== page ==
Paraglider self-launching system

yes i know it’s the myth because of torque. I have a king 3 cylinder paramotor with a pagojet frame. he is 25 years old. even back then, the designers knew how to bend the push rods asymmetrically and shorten them on one side to be able to fly perfectly straight ahead. all others in europe have had a constructive torque compensation since around 2000. but yes there are manufacturers who are doing it wrong or very bad, even today 2019. in a system that is designed for thermal flight, the thrust goes to the cfk molding on the body of the pilot then goes to the straps. At full throttle, it is noticeable that there is a single torque that is immediately used positively. the direction of rotation when circling can then be used without much brake. at the level flight and thermal search with less than 30 kg thrust you feel nothing at all. A lot of it also makes that the propeller does not have a large mass of only 360 grams. most of the mass is in the center. therefore, there are no mass forces like classic ppg. but yes if you eg. with a dudek snake size 15 flies and powermotor is a constructive solution for torque compensation makes sense. I do it differently when I fly fast little wings. then I use a counter-rotating sytem with 2 propellers. But that’s another story that I tell later on my page and show there.

Thanks for the info. I’m thinking about locating all the batteries (approximately 7.5kg) on one side of the frame to add a bit of torque compensation, but I’m worried that it will adversely affect the handling with the motor off. What do you think?

I’ve thought about (and looked at) the remotely-operated electric winches, but I don’t think it would be that practical for this area. The number of 4000’ fields around here are slim, and the ones that are in proximity to soaring terrain AND lined up with the wind direction are almost non-existent. There are two guys here who have winches already, and nobody (to my knowledge) has successfully winch-launched to a successful soaring flight in this area. For flatland flying, I think a self-towing winch would be the perfect solution to what I’m after, but this area is far from flat.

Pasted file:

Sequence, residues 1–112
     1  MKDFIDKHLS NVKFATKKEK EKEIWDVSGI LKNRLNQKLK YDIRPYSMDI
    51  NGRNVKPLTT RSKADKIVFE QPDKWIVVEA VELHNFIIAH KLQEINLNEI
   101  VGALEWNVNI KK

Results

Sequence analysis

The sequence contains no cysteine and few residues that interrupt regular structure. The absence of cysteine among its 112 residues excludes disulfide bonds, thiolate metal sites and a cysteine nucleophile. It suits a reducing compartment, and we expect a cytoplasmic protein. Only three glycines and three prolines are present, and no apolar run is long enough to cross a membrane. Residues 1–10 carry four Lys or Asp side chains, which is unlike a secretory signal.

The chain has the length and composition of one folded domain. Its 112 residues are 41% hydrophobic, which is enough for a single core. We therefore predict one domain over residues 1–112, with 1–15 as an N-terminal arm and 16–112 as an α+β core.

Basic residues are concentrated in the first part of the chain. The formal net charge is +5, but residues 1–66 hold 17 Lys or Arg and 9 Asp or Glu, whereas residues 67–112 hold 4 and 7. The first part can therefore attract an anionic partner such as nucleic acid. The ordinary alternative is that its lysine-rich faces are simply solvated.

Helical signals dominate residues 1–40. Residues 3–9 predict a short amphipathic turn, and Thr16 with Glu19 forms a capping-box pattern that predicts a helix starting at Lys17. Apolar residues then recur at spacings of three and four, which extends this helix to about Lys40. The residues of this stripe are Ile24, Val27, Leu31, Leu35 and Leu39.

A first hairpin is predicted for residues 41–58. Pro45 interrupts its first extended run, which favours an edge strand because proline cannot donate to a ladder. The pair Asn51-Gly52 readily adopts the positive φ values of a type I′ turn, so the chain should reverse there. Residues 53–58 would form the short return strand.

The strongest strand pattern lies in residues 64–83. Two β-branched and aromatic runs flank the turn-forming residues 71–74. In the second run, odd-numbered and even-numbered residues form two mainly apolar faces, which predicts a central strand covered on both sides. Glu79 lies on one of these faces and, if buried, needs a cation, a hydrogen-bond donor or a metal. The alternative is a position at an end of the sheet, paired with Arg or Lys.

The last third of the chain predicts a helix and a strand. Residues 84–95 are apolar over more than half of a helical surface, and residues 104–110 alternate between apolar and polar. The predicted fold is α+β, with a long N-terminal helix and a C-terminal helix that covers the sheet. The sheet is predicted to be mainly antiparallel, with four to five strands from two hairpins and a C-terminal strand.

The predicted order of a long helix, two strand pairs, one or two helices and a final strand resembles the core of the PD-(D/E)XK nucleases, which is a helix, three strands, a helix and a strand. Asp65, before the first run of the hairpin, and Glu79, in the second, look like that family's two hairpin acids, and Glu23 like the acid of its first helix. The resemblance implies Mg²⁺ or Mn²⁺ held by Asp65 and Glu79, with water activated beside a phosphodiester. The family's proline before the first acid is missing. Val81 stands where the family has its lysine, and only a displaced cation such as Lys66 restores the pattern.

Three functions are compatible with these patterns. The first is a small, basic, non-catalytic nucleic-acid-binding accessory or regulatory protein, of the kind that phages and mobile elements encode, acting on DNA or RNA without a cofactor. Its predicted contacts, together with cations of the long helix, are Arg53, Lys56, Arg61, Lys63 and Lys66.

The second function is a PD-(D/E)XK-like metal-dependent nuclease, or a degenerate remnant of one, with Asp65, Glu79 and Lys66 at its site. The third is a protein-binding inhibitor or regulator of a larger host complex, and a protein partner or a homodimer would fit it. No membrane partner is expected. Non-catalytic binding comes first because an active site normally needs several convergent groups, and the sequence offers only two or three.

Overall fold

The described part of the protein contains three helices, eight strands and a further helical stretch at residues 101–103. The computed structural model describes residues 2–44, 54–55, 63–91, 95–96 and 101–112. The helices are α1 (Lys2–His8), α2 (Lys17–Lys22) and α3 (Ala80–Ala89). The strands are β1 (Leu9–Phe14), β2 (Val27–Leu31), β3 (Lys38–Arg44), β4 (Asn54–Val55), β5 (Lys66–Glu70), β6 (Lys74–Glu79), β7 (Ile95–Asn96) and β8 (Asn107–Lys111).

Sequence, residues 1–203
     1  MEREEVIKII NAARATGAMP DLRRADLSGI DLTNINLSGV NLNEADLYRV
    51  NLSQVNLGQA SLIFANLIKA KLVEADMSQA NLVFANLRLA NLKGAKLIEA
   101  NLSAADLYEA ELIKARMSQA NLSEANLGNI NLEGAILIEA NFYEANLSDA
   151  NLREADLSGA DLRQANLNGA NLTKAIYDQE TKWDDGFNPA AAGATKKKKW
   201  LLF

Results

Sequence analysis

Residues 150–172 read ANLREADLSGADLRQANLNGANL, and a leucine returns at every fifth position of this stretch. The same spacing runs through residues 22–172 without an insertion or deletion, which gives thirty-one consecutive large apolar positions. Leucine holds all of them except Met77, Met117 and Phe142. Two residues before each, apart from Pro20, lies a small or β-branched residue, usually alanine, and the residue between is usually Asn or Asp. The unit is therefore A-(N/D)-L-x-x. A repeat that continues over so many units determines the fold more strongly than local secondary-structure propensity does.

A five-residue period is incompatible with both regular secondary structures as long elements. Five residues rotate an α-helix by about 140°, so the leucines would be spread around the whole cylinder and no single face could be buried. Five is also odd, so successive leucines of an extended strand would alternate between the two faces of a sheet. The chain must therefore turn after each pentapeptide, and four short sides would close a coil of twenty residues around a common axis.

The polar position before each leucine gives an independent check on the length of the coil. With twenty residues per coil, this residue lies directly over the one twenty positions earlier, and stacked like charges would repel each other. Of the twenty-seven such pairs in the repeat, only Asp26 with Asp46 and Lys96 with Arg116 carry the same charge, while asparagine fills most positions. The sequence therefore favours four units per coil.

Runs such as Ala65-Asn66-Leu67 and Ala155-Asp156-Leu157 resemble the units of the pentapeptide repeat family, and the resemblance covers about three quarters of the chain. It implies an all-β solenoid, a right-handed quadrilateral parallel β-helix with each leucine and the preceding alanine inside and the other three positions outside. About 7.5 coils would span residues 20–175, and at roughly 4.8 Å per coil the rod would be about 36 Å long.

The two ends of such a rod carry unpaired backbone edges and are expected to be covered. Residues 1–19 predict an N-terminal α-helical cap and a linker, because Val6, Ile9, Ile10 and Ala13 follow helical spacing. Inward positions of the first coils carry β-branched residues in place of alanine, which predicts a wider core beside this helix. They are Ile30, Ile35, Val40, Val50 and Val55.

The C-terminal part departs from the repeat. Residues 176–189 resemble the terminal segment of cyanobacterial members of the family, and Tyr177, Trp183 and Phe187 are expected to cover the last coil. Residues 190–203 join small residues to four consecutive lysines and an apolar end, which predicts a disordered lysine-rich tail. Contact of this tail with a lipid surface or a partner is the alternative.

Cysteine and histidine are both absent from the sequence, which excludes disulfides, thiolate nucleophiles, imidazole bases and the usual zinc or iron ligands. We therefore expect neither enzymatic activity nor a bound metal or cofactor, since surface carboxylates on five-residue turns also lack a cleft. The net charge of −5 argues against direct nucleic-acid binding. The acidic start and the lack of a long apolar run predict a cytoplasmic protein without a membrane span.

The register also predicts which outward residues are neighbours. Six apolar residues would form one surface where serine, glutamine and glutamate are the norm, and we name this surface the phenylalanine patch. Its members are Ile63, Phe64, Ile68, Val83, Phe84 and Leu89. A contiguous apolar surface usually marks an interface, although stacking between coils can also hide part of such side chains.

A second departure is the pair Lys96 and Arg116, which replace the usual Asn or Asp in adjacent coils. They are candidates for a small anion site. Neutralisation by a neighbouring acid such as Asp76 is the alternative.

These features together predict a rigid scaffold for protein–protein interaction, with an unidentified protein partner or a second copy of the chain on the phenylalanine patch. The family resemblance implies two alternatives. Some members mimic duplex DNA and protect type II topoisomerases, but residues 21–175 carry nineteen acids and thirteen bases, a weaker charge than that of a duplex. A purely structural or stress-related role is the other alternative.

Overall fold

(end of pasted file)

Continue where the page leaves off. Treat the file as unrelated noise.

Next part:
I like the idea of being able to pull the self-launch rig out of my car, gear up, and take off leaving nothing but the car behind. The number of launchable/landable fields around here for a motor are probably 100x the number of towable (for soaring) fields.

Right now my tentative power system plan is:

Neumotor 8057/75 75kv motor
APD HV_Pro 20S motor controller (pricey, but it seems like the lighest, smallest, and most reliable option)
JC superprops 39x18 prop
18s Bonka 22000 25c cells (3x 6s 22000 packs)

That is giving me 15278 watts and 47 kg of static thrust (39 kg at climb speed), and 389 fpm of climb to 1800 ft. Total weight for the power system is 11 kg plus wiring. I can definitely do a little better in performance with a better prop… those calculations are for a XOAR wood prop, and that seems to be about the worst option available on eCalc. Almost any other prop option should net me another ~200 ft of altitude gain, with lower temps and current as well. I have yet to find an efficient 39x18 prop off the shelf

For those of you with eCalc, here is the setup. The drag calculations are set for min sink speed (22 mph) at a 7:1 L/D.

hi, for the motorless flight you need a balanced system. if you want to calculate the minimum torque in the climb just do it like all motor pilots in the world. when the propeller rotates against the clock, hit the right leg over the left. When he turns his left leg over his right leg. in hot spirals, playground fast turning is the standard way with the legs to support the curve side by shifting focus. with many pilots this always happens automatically. you do not even think about it anymore. you do it. It is also possible with the pod harness.

Project update: After going back and forth on frame material I got some 1" aluminum EMT conduit. It’s 6005, roughly 27mm OD with 2mm walls. It seems plenty strong, it’s light, and it’s cheap! It can also be easily bent with a conduit bender. I’m going to bend up a frame in a day or two to check fitment on my harness.